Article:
Perception of friends' use of alcohol, cigarettes, and marijuana among urban schoolchildren: a longitudinal analysis

Addict Behav. Sep-Oct 1996;21(5):615-32. doi: 10.1016/0306-4603(95)00086-0.


Relations between adolescents' substance use and perceptions of their friends' substance use were examined cross-sectionally and longitudinally in a predominantly African-American school district. Fourth- and fifth-grade students were surveyed and tracked for 4 consecutive years. Cross-sectional samples included 3,073, 5,955, 7,701, and 6,616 students in years 1 to 4, respectively; the longitudinal sample included 1,802 students surveyed in every year. Self-reported substance use of friends and classmates also was assessed. Perceived friends' substance use had a stronger association with prior substance use than friends' self-reported substance use in every year. Perceived family use and classmates' self-reported use also made independent contributions to regression models. Longitudinal structural equation analyses indicated that perceived friends' use is more likely to be a product of an adolescent's previous substance use than a precursor of subsequent substance use. The findings contradict prevailing theories on the influence of peers on substance use.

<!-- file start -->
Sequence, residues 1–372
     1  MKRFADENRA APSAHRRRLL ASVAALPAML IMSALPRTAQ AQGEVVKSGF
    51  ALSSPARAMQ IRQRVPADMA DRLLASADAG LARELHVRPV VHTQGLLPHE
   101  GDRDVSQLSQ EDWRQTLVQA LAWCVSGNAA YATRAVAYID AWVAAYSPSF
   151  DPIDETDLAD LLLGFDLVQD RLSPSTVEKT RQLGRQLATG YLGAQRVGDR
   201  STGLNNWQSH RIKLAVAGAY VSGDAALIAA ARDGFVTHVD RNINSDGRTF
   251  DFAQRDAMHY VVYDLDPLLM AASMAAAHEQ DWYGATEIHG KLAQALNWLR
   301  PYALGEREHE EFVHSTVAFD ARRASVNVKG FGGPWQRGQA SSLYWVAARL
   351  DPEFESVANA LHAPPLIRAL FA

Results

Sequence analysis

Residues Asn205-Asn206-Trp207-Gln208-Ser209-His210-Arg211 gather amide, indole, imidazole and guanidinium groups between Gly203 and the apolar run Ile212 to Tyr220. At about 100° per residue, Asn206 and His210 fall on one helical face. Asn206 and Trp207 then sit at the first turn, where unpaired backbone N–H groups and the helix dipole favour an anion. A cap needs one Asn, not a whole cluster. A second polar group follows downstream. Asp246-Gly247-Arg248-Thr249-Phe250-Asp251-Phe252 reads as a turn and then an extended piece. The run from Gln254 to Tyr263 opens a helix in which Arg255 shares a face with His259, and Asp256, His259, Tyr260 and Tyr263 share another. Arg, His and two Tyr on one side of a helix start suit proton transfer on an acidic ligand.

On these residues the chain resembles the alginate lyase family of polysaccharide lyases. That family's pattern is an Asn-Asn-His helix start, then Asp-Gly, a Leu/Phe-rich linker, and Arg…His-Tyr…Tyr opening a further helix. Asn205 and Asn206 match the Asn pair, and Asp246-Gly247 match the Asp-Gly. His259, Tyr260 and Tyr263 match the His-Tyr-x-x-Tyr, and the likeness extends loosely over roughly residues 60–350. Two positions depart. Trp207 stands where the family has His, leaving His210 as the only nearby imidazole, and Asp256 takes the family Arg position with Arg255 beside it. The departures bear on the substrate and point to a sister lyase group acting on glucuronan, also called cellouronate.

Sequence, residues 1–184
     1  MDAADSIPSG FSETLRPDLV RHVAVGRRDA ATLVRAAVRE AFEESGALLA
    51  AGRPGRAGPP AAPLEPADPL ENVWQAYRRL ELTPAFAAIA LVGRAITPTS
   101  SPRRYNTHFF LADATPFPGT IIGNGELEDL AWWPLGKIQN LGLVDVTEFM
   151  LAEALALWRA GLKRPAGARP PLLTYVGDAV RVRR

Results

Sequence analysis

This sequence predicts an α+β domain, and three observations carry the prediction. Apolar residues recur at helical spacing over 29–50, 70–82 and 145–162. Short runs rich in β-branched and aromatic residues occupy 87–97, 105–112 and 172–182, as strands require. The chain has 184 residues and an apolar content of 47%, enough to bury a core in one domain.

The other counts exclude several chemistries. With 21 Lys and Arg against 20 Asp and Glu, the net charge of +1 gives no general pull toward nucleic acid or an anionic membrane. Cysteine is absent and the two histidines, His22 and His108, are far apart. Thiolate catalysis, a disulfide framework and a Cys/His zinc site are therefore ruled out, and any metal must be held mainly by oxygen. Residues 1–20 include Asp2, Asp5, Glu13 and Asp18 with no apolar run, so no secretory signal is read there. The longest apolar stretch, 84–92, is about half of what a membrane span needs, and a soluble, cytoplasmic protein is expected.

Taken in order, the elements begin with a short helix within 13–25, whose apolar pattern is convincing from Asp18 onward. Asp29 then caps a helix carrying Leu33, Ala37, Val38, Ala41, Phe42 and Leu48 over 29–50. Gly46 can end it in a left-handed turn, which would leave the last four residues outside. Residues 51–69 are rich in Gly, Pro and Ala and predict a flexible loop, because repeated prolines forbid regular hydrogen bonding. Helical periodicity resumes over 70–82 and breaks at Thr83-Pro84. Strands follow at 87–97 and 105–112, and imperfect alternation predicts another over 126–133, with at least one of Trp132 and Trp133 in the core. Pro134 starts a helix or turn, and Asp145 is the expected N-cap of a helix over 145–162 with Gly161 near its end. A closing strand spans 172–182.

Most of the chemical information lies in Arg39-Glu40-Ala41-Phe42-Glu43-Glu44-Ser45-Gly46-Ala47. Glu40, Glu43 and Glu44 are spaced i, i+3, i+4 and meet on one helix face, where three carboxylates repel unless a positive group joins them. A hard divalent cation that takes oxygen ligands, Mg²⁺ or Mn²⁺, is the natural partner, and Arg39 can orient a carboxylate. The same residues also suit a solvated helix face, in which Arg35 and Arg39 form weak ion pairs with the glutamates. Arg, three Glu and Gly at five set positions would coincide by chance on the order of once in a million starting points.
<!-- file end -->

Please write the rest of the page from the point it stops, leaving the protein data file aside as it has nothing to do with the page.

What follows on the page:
Publication types

  • Research Support, U.S. Gov't, P.H.S.

MeSH terms

  • African Americans / statistics & numerical data*
  • Age Factors
  • Alcohol Drinking / epidemiology
  • Alcohol Drinking / psychology
  • Chi-Square Distribution
  • Child
  • Cross-Sectional Studies
  • Family Health
  • Female
  • Humans
  • Likelihood Functions
  • Longitudinal Studies
  • Male
  • Marijuana Smoking / epidemiology
  • Marijuana Smoking / psychology
  • Models, Psychological
  • Multivariate Analysis
  • Odds Ratio
  • Peer Group*
  • Regression Analysis
  • Sampling Studies
  • Smoking / epidemiology
  • Smoking / psychology
  • Social Control, Informal*
  • Social Perception*
  • Substance-Related Disorders / epidemiology*
  • Substance-Related Disorders / etiology
  • Urban Health